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Here we will cover how to deploy a virtual private Linux server instance on Vultr. Feel free to use the following link for http://bit.ly/cuevultr for 50$ USD worth of credit.

You can use your favorite server provider if you don’t want to use vultr but we won’t cover the different details regarding every specific provider.

  1. Log into your Vultr account
  2. Click Products
  3. Click the + blue sign that displays “Deploy New Server”
  4. And Click Cloud Compute
  5. Then Choose Tokyo (better ping if you are using Binance as your trading platform)
  6. Server type is 64 bits: Ubuntu 19.04 x64
  7. Server size is 55 GB SSD, 1 CPU, 2048MB memory and 2000GB Bandwidth
  8. Don’t enable additional features
  9. Set up hostname with something like “server” (without the quotes) , and, set a label that you can use to identify the server (this can be bot1 or any other word)
  10. Click “Deploy Now” and wait until the server is ready
  11. Depending on your OS:
  12. Linux/macOS: Open a terminal and write ssh root@serverip (server ip should be something like xx.xx.xx.xx
  13. Lastly, Windows: Download PutTTy from https://the.earth.li/~sgtatham/putty/latest/w64/putty-64bit-0.71-installer.msi and follow this guide https://mediatemple.net/community/products/dv/204404604/using-ssh-in-putty-

After login as root, we need to create a new username you should see root@hostname, where hostname is the hostname you set up before, you don’t need to type # as it’s used to denote that you are logged in as root and have admin permissions.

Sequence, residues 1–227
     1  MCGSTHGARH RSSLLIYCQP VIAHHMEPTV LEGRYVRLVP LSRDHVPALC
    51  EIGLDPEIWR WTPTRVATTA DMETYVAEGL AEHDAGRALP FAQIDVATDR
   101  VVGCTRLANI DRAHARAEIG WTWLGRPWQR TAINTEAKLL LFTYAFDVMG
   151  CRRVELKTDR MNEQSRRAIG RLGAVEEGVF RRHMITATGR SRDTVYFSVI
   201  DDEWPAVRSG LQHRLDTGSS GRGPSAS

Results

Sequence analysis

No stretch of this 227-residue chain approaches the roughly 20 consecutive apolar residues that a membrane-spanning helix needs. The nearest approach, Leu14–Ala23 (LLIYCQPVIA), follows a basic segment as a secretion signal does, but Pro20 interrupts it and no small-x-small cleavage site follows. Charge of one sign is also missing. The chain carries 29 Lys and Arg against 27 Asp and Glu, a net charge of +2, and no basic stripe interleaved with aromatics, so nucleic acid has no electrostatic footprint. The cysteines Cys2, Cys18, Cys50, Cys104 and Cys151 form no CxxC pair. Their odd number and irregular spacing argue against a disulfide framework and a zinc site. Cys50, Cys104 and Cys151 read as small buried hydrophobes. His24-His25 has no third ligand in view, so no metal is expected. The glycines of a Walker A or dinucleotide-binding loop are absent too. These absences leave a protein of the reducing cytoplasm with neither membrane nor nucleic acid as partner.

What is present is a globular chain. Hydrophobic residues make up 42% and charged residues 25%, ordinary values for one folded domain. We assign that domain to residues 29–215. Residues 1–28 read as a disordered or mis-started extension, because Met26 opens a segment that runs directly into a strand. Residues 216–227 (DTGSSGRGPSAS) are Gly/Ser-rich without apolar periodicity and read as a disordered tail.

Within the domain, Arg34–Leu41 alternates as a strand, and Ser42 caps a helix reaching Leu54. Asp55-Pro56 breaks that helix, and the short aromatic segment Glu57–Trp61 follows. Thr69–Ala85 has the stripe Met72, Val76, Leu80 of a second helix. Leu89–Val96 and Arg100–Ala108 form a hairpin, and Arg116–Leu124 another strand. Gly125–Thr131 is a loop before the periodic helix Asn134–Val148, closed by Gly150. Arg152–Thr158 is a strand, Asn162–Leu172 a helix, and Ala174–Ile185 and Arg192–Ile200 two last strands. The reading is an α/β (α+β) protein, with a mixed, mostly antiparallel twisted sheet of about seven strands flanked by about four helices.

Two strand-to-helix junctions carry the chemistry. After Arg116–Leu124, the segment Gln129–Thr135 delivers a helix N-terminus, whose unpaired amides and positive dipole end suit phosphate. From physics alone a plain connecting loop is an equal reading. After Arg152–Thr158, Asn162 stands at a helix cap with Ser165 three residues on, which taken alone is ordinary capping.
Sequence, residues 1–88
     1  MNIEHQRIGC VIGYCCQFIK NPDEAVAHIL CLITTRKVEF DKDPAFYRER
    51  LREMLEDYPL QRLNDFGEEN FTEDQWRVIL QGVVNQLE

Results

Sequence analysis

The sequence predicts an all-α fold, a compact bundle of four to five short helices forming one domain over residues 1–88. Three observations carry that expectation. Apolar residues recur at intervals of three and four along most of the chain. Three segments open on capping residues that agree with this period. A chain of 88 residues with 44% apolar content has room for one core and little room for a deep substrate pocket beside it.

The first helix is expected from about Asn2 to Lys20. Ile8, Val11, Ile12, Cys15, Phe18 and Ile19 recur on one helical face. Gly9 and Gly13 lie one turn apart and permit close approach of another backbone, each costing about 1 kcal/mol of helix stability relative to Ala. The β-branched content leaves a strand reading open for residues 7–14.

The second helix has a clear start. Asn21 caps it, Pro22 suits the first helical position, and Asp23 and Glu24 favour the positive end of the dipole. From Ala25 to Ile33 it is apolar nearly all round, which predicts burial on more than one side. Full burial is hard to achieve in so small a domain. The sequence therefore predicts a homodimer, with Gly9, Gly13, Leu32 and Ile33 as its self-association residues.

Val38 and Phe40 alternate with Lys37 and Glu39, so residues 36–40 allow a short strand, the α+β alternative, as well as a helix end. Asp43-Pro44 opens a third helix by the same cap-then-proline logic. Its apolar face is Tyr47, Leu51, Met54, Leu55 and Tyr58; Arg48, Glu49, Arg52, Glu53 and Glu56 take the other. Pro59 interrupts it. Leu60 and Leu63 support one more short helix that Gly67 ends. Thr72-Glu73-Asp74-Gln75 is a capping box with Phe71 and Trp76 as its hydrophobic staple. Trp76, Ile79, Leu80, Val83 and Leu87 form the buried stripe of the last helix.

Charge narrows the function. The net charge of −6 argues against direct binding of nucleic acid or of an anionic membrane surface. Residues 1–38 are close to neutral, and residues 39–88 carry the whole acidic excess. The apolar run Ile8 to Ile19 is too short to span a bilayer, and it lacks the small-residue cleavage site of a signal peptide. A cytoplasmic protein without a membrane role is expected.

# adduser username (replace username with the desired name)
# usermod -aG sudo username (give your user admin permissions)

We need to change ssh port, disable root login and import ssh-key, to edit files we will use a program called nano, make sure to save files when modifying them by pressing Control+O, use Control+x to exit
# nano /etc/ssh/sshd_config
Search for PermitRootLogin, remove the # if its commented and change it from Yes to No (use arrow keys to move through your file).

You can change port 22 to other port, make sure to remember this port as you’ll need it when you log in with the other username on ssh or using PuTTy. Optional (more secure login):

Search for PubKeyAuthentication on /etc/ssh/sshd_config/ and remove the # and set it to yes if it says no.

Generating an SSH key

For Windows: https://www.ibm.com/support/knowledgecenter/en/HW94I/svc_generatingsshkeypair_2mu1y4.html
For Linux/macOS: https://www.ibm.com/support/knowledgecenter/en/HW94I/svc_generatesshopen.html

Enabling UFW (firewall), allow SSH connections, installing fail2ban

# ufw default deny incoming
# ufw default allow outgoing
# apt install fail2ban

# cp /etc/fail2ban/jail.conf /etc/fail2ban/jail.local
# ufw allow ssh (this is assuming you’re using port 22, replace ssh with another port if you used another port)
# ufw enable
# nano /etc/fail2ban/jail.local

Search for ssh then erase the # from [sshd] and the enabled = true below it

That’s it, your server should be ready to go, from now on we’ll log in as the new username rather than the root account we’ll cover how to install specific bots in another post.

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